Emotions ran high as members of the public met to plan action to save Huddersfield Royal Infirmary.
Runner Sean Doyle choked back the tears as he spoke passionately about how the hospital had saved his life.
And many members of the public were moved to speak up about their determination to defeat health bosses’ plans to move emergency services to Halifax.
Speaking at the meeting at Huddersfield Methodist Mission, one young woman said the only way to get mental health crisis help out-of-hours was to go to A&E.
She said: “How are we supposed to get a six-foot-tall, 17-year-old lad in a mental health crisis, suffering severe panic attacks, to Calderdale?”
Sean Doyle, of Brockholes, told the 500 strong crowd he was “94% dead” when he was rushed to the infirmary’s A&E following a cardiac arrest.
Sean, who was taking part in the Huddersfield Parkrun in Greenhead Park when he collapsed, said he “would have been dead” if he’d been airlifted to Leeds General Infirmary.
Recalling the traumatic incident, Sean told the meeting: “I’m one lucky individual. Please give it all and support the campaign, like they saved me.”
Dr Adnan Muhamed, a former consultant paediatrician at Calderdale and Huddersfield NHS Foundation Trust, said a lot of doctors might feel it doesn’t matter if the A&E is only five or six miles away.
“This is not correct,” he claimed. “If you or me lose half-a-pint of blood then perhaps we would survive.
“But for children to lose even half of that, it could be a matter of death or life.
“I’ve seen it many times, I’ve been involved many times resuscitating children.
PRINT OFF OUR CAMPAIGN POSTER AND DISPLAY IT TO SHOW YOUR SUPPORT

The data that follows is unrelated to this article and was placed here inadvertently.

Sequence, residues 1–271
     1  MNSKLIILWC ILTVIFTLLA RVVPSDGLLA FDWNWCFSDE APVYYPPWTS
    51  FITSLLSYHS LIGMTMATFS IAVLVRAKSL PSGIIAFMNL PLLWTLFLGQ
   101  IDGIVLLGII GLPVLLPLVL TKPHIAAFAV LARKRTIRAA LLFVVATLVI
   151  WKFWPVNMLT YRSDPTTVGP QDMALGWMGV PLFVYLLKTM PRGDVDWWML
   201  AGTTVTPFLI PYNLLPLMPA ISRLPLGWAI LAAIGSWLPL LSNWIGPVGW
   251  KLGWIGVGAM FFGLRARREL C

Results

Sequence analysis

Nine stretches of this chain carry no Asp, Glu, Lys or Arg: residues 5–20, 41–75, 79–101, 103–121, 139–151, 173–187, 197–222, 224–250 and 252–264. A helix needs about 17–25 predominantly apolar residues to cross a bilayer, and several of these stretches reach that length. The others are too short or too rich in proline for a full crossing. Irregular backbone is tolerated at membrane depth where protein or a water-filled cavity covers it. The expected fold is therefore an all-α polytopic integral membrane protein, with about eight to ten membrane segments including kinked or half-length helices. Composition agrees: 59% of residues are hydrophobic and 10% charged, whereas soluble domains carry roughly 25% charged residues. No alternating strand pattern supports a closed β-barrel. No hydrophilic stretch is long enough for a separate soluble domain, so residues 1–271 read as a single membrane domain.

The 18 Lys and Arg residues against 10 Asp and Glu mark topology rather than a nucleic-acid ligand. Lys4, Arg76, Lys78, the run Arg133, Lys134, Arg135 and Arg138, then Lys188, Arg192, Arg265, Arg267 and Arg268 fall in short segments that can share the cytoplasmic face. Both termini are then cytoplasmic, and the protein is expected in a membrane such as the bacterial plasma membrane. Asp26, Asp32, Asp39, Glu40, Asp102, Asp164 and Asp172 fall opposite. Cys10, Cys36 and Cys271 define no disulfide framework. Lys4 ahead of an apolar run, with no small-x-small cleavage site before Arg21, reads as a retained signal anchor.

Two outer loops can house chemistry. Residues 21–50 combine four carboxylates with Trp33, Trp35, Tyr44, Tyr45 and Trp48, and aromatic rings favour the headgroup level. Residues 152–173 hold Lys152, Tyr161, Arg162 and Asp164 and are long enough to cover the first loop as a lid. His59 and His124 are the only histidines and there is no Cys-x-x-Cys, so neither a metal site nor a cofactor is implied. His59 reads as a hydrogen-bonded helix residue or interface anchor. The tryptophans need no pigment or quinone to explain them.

“I know many children who are alive, thank goodness, because there is a local service.
“So it does matter. We need to get a good, well equipped, well staffed A&E department.”
Young people’s representatives also expressed anger and concern at the potential removal of a full A&E department in Huddersfield.
Jenny Goldman, from Holme and Colne Valley Youth Forum, said: “Young people need their A&E. One 15-year-old said to me if anything happens to me or my friends we would have to be on buses for nearly two hours.”
Liane Hunter, from Huddersfield University Students’ Union, said it was “absolutely diabolical” that students hadn’t been considered by health chiefs.
“We’ve got numerous amount of students that take placements at A&E and in the midwifery departments.
“They’re already facing bursary cuts. Does that mean courses are going to stop?”
She added: “We are clumsy, we like to go out, we do need an A&E, it’s vital for us.”
“The reason we lost is because there weren’t enough of us.
“Six hundred of us marched from the hospital 10 years ago, 2,000 marched around town.
“Please do something yourself.
“This is not a done deal. We can win.”
Erin Hill, a Labour councillor for Kirklees, congratulated people on the huge response against the proposals.
“I’ve been involved in quite a lot of campaigns and it is rare to see people pulling together like I know they have for this,” she said.
“It’s long been my belief that if we fail to take an interest in events and in politics and in the actions of our authority figures then all we’re doing is walking blindfolded into decisions that other people have made for us.”